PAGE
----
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Re: Color contrast between semi-transparent colors

From: Lea Verou <lea@w3.org>
Date: Fri, 7 Sep 2012 19:06:29 +0300
Cc: w3c-wai-ig@w3.org
Message-Id: <F7CA841A-BDF0-4D7B-BB91-C6FB772B489B@w3.org>
To: Phill Jenkins <pjenkins@us.ibm.com>
Oops, looks like I replied to the wrong mail! That reply was for David Wooley!

Lea Verou
W3C developer relations
http://w3.org/people/all#leahttp://lea.verou.me ✿ @leaverou

On Sep 7, 2012, at 19:00, Phill Jenkins wrote:

> Marc said: 
> "You have a background and a foreground and you use a semi transparent 
> layer between them. So just make sure (if text is dark) that the darkest 
> possible background (black) will be still bright enough to produce a 
> satisfying contrast ratio.
> Or use a semi transparent layer which darkens even a white background so 
> that you can use a white font. If the font should be not white, you must 
> darken the background even more...
> Marc" 
> and Lea said: 
> "I've started another thread about variable color backgrounds [1]. We cannot assume that just because the background is semi-transparent, it will be overlaid over a variable color background. For example, many designers use semi-transparent white or black on top of solid colors, to create lighter and darker variants while still being able to change the base color with one edit.
> [1]: http://lists.w3.org/Archives/Public/w3c-wai-ig/2012JulSep/0329.html
> Lea Verou" 
> The question I think that needs to be asked and answered  is who is the "you"?  in other words, what is or should be the role of the user agent vs the responsibility of the developer?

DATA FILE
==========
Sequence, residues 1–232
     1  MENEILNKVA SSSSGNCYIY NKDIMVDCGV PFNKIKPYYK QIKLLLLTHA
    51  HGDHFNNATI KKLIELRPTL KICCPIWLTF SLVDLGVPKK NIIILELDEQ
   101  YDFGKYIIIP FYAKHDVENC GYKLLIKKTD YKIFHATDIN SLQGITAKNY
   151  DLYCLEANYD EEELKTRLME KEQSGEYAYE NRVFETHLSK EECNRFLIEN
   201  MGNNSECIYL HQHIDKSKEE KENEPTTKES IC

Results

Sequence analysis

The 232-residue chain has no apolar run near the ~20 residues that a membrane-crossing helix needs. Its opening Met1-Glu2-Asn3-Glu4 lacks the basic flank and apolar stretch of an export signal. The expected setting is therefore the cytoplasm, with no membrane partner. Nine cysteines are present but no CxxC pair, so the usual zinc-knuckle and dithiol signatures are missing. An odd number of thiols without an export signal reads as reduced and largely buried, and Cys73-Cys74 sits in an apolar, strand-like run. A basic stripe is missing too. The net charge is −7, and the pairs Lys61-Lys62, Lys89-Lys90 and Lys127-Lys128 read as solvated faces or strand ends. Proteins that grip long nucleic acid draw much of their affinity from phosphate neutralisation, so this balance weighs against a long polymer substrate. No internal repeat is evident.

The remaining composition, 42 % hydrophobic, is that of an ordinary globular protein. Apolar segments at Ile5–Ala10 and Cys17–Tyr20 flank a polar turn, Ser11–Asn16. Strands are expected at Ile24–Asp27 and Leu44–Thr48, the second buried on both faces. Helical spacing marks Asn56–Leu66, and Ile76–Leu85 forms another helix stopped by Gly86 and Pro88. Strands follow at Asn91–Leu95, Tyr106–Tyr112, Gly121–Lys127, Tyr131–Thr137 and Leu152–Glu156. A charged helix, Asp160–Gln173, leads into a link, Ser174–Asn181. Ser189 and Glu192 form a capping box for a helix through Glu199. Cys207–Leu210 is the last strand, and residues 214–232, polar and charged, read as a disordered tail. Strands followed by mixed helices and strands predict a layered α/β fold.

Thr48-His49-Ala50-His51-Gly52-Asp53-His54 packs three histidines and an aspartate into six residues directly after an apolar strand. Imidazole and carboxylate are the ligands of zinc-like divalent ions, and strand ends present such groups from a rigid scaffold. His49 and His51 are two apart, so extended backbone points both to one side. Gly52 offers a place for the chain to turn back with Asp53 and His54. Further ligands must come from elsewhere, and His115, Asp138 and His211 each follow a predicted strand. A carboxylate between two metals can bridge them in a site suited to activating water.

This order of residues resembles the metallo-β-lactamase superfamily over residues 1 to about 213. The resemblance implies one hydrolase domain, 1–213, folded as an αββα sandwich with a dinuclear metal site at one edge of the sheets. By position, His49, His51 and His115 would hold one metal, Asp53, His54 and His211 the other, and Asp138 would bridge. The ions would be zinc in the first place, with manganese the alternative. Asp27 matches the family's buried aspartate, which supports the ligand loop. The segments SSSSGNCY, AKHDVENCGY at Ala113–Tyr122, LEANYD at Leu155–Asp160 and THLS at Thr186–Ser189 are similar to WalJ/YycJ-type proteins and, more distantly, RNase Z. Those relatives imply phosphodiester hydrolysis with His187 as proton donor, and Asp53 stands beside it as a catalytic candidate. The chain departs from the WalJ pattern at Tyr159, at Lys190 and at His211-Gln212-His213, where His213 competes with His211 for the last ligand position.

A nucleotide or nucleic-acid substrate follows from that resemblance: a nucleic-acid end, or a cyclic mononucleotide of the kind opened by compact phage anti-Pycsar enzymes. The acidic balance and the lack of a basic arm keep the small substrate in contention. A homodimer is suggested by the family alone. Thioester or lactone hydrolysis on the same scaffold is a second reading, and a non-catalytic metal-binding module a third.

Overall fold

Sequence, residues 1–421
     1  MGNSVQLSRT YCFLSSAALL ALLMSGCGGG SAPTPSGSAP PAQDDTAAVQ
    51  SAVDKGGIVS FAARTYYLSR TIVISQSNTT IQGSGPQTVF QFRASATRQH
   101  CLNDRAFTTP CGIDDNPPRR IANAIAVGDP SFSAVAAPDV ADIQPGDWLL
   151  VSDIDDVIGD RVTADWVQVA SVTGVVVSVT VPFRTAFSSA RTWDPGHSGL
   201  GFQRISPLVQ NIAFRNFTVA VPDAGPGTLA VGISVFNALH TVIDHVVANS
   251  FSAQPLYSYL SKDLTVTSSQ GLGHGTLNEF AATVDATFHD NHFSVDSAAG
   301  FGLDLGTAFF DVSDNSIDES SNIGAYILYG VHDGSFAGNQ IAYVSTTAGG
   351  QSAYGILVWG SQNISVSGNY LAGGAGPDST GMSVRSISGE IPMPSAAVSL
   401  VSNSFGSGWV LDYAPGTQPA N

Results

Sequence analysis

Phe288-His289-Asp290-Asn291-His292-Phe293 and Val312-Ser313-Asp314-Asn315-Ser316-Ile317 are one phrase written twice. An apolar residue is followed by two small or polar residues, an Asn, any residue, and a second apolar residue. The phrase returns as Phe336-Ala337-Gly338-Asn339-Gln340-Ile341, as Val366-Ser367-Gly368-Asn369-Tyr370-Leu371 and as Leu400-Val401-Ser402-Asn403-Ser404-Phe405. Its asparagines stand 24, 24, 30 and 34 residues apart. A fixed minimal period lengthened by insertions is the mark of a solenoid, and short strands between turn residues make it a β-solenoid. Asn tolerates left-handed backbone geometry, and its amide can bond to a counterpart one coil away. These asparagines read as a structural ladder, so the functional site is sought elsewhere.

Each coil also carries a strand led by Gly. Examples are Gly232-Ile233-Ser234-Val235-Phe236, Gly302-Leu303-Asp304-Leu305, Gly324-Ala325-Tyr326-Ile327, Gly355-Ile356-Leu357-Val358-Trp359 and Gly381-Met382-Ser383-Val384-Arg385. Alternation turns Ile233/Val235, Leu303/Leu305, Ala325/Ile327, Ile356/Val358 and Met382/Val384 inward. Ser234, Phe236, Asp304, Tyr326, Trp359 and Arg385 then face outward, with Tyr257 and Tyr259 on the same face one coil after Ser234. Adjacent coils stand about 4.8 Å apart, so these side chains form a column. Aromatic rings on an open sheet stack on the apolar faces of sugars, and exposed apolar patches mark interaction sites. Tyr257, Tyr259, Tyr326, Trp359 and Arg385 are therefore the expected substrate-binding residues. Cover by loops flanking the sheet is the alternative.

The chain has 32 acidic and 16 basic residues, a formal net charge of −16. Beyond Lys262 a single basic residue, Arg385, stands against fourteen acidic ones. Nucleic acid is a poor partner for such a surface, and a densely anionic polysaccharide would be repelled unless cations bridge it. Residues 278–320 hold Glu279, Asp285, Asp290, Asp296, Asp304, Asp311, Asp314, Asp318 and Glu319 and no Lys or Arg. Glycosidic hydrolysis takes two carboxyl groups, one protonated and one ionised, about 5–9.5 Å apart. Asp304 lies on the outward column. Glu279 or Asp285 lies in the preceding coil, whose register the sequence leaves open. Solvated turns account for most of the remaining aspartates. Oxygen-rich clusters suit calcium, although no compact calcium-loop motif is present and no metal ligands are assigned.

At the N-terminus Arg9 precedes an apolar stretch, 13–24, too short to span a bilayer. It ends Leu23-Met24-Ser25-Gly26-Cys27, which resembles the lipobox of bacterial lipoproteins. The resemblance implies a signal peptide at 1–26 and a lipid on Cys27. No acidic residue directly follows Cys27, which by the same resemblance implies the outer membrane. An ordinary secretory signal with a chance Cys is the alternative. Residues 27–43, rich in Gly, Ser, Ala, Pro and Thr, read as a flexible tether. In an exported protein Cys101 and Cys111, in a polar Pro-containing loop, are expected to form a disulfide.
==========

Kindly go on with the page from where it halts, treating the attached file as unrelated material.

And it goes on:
> I believe the user agent should be able to change the middle "semi-transparent layer" to imporve contrast accessibility.  If user agents can already "turn off" images, why not also be able to place a 'semi-transparent layer' if one doesn't exist, or re-place the one with a darker or lighter one.  Again my point being that desired solution belongs with the user agent and the responsibility of the developer is to enable it.   
> Also, is there a grey color that at some point can be contrasted with either white or black background and achieve the same contrast level either way?  And did WCAG 2.0 minimum contrast level of 3.5 to 1 then in effect prohibit certain grey fonts becasue they can't achieve the minimum level?
> ____________________________________________
> Regards,
> Phill Jenkins, 
> IBM Research - Human Ability & Accessibility Center
> http://www.ibm.com/able
> http://www.facebook.com/IBMAccessibility
> http://twitter.com/IBMAccess
> http://www.linkedin.com/in/philljenkins

Received on Friday, 7 September 2012 16:06:39 UTC

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